In the first place, to understand the context of adversarial machine learning, you should know about Machine Learning and Deep Learning in general. Adversarial machine learning studies various techniques where two or more sub-components (machine learning classifiers) have an opposite reward (or loss function). Most typical applications of adversarial machine learning are: GANs and adversarial examples. In GAN (generative adversarial network) you have two networks: generator and discriminator.
In this article we'll look at what it would take for an artificial intelligence to generate truly creative content marketing, and how close we are to living in a world with AI content marketers. For the purposes of this article, let's keep this restricted to a typical content marketing campaign that involves idea generation and content production in the forms of a video, some text-based articles with accompanying images, and social media promotion. News outlets can depend on AI to write accurate stories on events, but AI has also developed the ability to produce creative work through the usage of neural networks. Similar experiments have been undertaken to see how well an artificial intelligence system can understand the structure of literary works.
AI, Neural Networks, Machine Learning and other buzzwords are not new; they are with us from late 50s, but why did they become so much of a trend only now? The business focus changed from investing into so-called "artificial intelligence" to development of systems that could work with already gathered data, process and re-structurize it. Bayes was widely used in anti-spam, Markov's chains predicted criminal structure behavior, search engines developed decision trees to predict user input, speech and image recognition was no miracle anymore, and it was good. Basically, we returned to 50s -- we are trying to create universal structures, mimic human brain, and create entities that can process mixed data as our brains do.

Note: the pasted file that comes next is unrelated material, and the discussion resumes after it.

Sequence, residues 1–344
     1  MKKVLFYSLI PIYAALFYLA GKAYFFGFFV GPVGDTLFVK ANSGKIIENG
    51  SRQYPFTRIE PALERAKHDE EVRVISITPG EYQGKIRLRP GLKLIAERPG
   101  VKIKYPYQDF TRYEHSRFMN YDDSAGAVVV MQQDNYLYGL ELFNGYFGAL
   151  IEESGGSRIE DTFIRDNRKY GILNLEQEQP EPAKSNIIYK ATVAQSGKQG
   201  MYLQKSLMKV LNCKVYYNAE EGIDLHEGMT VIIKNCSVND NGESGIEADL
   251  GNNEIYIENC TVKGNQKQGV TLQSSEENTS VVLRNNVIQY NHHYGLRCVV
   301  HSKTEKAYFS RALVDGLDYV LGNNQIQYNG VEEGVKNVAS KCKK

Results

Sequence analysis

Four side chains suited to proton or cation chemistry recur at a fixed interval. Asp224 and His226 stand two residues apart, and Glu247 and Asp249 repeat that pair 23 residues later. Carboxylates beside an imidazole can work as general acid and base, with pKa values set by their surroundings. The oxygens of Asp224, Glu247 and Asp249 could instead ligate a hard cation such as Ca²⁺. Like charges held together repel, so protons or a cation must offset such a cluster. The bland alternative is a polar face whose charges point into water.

Microsoft's HoloLens may have largely faded from public view, but that doesn't mean that Microsoft's halted development on it. On Sunday, Microsoft researchers disclosed that HoloLens development is moving ahead, with a new chip that emphasizes machine learning. Specifically, Microsoft said the next generation of its Holographic Processing Unit, or HPU, will support Deep Neural Network processing, with an emphasis on artificial intelligence, or AI. Harry Shum, executive vice president of the Artificial Intelligence and Research Group, recently showed off the second version of the HPU.
Since the dawn of computing technology, developers created programs and algorithms by writing code that machines translate into precise instructions. Instead of code-writing the way a program solves a problem, the program "learns" to solve it on its own. In a not too dissimilar way than the human brain, unsupervised AI would recognize new patterns, label them on its own and classify them without human prior input. Per MIT Technology Review, Quoc Le (one of Google's Brain research scientists) has identified "unsupervised learning" as the biggest challenge to developing true AI that can learn without the need for labeled data.